An International Perspective
This article was originally published in the Spring 2003 issue of the CFT’s newsletter, Teaching Forum.
by Derek Bruff
Last spring, Nikolaos Galatos was awarded the Vanderbilt Mathematics Department B. F. Bryant Prize for Excellence in Teaching for outstanding teaching by a mathematics graduate student. Next year, Mr. Galatos will hold a postdoctoral research position at the Japan Advanced Institute of Science and Technology. Mr. Galatos is from Greece, and we spoke to him about the ways in which he overcame linguistic and cultural differences in his teaching.
What types of differences between you and your students did you encounter in your teaching?
Language was a challenge not only for me, but also for my students. I could express mathematics reasonably well in English, but my general English ability was lacking. My students were fluent in English, of course, but they had trouble expressing mathematical concepts.
Also, I found that compared to Greek students, American students are more demanding of their teachers. They demand that you explain things correctly and that you really care about them. In Europe, the instructor’s job is to present the material, not to make sure it gets across to the students.
Another difference is that I think Greeks tend to philosophize more, spending time over discussions that seem of no practical use, but also trying to get a deep understanding of some topic. It’s not necessarily an entertaining approach. It takes some mental effort. Americans tend to have more fast-food thinking, wanting more immediate results and more action. It’s practical and more about getting things done.
The Greek approach to teaching is not one that you would be able to implement here. You would completely lose all the students. It’s easier in Greece on the instructor and easier here for the students. However, I didn’t want to make it that easy for my students. I wanted them to start thinking on a deeper level.
How did you overcome these differences?
One of the first things I did was to simplify my speech. I find that even in my native language, I tend to speak in a more complicated fashion than the average speaker does. I also had to completely restructure the way I thought about presenting material. With American students, it’s important to start with basic examples and try to generalize, instead of giving the general idea in the first place and working from there.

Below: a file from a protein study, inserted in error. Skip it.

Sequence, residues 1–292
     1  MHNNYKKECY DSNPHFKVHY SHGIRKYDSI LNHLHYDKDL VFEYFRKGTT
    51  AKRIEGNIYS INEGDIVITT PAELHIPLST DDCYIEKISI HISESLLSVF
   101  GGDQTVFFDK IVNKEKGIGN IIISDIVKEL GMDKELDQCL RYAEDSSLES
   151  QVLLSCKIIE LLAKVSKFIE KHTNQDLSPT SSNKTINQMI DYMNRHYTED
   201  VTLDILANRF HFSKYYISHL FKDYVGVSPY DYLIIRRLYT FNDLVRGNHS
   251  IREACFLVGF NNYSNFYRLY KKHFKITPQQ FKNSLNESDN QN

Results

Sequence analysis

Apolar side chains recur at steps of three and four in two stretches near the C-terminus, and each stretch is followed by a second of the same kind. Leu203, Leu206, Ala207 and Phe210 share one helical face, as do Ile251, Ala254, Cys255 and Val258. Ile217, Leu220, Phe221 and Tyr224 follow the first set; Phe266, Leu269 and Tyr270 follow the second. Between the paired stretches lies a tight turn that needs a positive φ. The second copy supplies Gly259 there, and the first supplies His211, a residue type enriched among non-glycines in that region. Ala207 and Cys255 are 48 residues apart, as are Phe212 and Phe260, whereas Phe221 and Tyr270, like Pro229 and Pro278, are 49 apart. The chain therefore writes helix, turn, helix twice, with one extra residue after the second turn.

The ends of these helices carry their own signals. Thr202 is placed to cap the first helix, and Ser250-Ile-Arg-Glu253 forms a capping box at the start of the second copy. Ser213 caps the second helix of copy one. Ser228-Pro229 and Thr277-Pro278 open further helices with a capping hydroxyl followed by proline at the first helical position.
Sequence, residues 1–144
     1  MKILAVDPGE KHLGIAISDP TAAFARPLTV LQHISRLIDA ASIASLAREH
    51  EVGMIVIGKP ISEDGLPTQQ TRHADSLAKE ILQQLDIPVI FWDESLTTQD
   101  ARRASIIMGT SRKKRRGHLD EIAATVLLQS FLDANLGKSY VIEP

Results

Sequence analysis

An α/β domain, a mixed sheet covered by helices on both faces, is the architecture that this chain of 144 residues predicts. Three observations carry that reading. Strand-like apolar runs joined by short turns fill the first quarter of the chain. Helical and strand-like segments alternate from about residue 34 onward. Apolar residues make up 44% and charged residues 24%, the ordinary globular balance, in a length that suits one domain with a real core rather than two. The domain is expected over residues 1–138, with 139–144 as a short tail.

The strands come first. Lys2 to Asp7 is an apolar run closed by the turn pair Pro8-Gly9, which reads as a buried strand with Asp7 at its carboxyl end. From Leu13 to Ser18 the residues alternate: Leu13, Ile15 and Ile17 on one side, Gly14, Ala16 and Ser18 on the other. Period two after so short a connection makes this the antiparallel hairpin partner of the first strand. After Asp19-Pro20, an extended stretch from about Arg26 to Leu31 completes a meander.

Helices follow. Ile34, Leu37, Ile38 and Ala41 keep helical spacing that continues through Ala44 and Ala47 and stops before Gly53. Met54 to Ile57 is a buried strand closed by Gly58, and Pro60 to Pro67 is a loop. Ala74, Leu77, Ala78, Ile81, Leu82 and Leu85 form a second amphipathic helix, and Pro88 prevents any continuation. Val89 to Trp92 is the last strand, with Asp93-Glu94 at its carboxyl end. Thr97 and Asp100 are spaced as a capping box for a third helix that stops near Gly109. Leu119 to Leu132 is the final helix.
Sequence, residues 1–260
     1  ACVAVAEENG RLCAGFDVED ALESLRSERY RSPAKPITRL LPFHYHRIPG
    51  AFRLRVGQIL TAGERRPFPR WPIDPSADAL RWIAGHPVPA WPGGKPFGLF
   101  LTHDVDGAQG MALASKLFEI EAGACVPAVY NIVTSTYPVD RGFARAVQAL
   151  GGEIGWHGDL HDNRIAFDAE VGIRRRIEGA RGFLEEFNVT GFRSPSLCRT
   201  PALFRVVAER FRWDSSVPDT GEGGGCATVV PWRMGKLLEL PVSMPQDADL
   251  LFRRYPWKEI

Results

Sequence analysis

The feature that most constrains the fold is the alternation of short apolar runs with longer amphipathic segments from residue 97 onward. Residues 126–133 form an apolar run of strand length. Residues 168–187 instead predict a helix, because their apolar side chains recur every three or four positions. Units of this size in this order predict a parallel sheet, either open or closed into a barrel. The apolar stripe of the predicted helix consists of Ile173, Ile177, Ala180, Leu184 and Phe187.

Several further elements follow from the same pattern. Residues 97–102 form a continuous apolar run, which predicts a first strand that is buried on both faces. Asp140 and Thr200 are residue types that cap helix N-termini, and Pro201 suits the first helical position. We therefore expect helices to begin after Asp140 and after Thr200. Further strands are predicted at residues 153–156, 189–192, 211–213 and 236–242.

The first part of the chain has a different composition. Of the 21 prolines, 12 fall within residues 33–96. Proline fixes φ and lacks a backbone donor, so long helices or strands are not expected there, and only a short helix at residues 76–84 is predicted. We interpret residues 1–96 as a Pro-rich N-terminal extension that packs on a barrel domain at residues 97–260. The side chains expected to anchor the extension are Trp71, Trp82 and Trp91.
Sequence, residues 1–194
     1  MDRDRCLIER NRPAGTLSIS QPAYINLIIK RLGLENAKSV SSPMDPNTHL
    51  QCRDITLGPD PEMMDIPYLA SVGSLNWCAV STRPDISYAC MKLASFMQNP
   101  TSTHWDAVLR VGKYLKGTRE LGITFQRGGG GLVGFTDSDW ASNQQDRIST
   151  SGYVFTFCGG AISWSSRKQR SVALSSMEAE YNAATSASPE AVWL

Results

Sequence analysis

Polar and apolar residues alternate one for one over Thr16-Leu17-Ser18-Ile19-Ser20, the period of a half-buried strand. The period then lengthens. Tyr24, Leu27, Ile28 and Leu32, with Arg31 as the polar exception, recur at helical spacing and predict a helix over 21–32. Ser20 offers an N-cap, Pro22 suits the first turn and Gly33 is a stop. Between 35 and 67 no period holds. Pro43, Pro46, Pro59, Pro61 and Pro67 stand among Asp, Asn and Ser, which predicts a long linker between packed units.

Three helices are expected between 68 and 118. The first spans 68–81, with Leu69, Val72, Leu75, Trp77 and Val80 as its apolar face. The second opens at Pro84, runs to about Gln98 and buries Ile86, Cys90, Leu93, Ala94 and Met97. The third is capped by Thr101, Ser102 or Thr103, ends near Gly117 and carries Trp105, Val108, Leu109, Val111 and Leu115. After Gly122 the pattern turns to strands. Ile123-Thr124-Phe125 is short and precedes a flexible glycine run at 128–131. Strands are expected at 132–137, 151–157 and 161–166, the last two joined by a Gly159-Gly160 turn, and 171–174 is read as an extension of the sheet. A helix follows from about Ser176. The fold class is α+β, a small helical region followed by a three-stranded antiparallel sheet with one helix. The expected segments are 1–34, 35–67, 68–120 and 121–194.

Motivating students was another challenge. Since the Greek educational system stresses proofs and understanding rather than computation starting in elementary school, you can take for granted that Greek university students will pay attention to proofs. With American students, you really have to lure them into thinking about proofs. I avoid using the word “proof” or any other formal mathematical language. I use lots of pictures and graphs. I might write something on the board that seems to be obviously true, but actually isn’t. The students start doubting what they know. They start understanding why we need proofs and why we need to think about things more than we do. I find that if I put in the effort, they do get interested in these kinds of questions.
During my first year at Vanderbilt, the mathematics department assigned me two teaching mentors. One was Greek, and the other grew up in the States. Observing my Greek mentor teaching was like watching myself, making it easy to see what part of the Greek teaching style worked well here. My other mentor provided a helpful example of an American teaching style. These experiences were important as I learned to teach here in the States.
When I began teaching, I felt guilty for being there. Not only did my students have a green and inexperienced TA teaching their class, but he was from another country and not a native speaker. However, the students seemed to like that they had a teacher who was in some sense different. I made an effort to really try to identify with them, to see their way of thinking and adjust to that, and I think most of them appreciated it.
From: Teaching Forum 5:2 Spring 2003 CFT Newsletter